Okay, okay, we've been dumping a lot on poor Marie, but she's really not so bad—just nosey and high-strung and a blabbermouth. But think about what she goes through: she's got a husband who's in constant risk of dying, a sister who's definitely hiding something (something big), and very little control over anything.
And when she does try to involve herself, it's usually for the best: she lets Skyler know about Walt's secret cell phone in "Grilled" (Season 2, Episode 2), promotes Walt's cancer fundraising site ("ABQ," Season 2, Finale), and puts Walt and Skyler's kids up. Her nosiness mostly comes from misplaced concern, a desire to help out; just like her sister Skyler, she tries to "be that rock" for her family. She's just not always good at it.
The thing about Marie is that she doesn't really have much that belongs to her alone—no kids, no hobbies, not much action at her job ("Actually, I'm thinking about making a move up to management," she says gamely in "Hermanos," Season 4, Episode 8). It's why she resents other people's own private lives, especially Hank's: "You call in sick the day after receiving a long awaited, career boosting promotion so you can play Oktoberfest in your man cave," she complains in "Breakage" (Season 2, Episode 5), and in "Bug" (Season 4, Episode 9), she says, "I knew it. 'Mineral show' is just some kind of guy code for 'strip club.'"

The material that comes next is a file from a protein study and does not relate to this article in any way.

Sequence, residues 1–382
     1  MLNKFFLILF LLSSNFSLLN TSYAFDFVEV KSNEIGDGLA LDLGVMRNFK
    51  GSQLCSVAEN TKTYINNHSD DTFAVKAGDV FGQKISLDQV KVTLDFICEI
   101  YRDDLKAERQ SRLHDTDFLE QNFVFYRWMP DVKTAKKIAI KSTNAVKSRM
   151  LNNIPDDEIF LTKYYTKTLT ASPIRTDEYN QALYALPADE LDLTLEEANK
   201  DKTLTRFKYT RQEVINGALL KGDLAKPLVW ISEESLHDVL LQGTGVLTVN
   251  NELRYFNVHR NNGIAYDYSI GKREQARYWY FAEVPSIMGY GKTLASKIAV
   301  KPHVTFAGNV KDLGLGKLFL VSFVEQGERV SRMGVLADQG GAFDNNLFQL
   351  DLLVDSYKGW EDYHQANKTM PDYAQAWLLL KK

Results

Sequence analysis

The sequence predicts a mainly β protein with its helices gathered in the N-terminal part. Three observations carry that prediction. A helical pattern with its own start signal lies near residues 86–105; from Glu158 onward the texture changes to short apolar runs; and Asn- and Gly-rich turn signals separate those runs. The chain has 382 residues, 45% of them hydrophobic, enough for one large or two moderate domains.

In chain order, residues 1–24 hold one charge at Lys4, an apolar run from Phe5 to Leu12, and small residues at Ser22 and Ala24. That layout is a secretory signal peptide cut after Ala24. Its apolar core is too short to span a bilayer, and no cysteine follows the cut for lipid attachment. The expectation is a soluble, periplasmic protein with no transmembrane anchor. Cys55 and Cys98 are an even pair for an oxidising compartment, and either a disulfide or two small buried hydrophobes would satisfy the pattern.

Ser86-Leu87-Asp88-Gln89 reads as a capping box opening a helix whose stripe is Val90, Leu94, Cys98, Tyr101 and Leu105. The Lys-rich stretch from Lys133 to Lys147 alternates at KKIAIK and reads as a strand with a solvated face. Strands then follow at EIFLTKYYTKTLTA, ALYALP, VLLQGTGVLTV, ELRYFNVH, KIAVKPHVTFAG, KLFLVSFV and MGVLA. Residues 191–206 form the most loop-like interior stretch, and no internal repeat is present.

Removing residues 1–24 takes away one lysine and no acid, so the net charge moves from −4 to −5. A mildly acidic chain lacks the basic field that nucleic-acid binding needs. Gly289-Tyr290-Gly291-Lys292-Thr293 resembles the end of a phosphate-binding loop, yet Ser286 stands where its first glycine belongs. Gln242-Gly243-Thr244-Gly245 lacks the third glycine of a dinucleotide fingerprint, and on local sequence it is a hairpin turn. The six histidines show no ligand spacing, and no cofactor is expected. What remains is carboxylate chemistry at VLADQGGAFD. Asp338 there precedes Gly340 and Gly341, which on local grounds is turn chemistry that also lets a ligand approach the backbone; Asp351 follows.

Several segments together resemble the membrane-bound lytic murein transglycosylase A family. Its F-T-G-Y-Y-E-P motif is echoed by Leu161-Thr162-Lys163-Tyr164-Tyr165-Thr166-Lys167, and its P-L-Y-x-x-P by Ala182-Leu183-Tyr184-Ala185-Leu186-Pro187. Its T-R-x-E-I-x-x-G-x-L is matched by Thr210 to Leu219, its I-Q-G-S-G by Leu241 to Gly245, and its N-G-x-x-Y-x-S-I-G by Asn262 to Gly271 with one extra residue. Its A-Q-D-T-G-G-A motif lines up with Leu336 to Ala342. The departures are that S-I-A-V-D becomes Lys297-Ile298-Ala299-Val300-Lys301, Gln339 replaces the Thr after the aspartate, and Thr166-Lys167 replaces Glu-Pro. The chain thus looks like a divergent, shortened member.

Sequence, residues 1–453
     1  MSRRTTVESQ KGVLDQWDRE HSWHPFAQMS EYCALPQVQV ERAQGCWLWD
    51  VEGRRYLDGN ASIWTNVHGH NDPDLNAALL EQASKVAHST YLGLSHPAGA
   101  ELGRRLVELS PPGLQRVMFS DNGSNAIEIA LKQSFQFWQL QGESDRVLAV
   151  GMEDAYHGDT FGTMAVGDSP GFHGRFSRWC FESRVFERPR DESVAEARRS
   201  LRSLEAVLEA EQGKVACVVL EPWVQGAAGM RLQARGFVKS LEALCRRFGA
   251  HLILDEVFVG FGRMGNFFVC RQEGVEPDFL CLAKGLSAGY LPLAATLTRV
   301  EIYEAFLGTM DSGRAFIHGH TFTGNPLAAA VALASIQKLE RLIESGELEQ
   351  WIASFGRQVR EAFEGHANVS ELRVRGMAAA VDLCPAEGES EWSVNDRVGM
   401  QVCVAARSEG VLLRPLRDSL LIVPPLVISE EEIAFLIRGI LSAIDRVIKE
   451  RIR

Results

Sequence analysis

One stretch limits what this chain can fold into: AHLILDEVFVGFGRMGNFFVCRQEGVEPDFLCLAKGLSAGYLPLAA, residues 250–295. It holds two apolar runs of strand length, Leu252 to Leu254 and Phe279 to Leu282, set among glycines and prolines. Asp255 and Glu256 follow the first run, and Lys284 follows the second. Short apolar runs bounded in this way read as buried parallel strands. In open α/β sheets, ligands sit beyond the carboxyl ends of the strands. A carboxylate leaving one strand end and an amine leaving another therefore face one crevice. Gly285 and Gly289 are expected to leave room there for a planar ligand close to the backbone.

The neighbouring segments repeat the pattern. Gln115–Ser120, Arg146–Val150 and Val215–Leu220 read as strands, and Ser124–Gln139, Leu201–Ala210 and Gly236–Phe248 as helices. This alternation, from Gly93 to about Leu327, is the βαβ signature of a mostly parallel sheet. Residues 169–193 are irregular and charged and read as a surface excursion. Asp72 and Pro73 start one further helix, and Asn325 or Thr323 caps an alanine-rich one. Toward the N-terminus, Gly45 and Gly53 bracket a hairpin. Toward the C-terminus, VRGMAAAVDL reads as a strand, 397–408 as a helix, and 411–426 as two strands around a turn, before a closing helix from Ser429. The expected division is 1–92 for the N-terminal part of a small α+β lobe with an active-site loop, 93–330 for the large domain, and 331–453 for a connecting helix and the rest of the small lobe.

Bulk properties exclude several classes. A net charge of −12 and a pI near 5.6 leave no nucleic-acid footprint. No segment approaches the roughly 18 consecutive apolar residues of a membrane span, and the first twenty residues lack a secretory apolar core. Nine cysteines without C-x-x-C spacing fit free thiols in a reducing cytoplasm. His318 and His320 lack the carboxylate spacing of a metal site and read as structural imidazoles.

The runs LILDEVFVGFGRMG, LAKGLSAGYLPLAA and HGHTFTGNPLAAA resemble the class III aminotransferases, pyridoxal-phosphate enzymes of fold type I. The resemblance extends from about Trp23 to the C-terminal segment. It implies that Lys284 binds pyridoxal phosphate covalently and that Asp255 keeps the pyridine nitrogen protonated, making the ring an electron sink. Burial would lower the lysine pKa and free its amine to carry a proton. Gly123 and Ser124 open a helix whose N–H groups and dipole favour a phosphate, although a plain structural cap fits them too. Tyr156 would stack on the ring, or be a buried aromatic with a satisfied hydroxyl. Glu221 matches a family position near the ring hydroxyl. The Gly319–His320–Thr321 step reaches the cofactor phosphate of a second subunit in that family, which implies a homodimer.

It's also why she marks her territory strongly, making all her house decorations and clothes purple, and perhaps why her particular method of acting out is by pointlessly stealing stuff. It's all about possession.
But you can't say that she's not capable once the ball's in her court. She manages to get Hank walking again, and she even takes care of Jesse Pinkman in "Rabid Dog" (Season 5, Episode 12).
So, to quote Walt: Marie Schrader, we forgive you.
What a loser.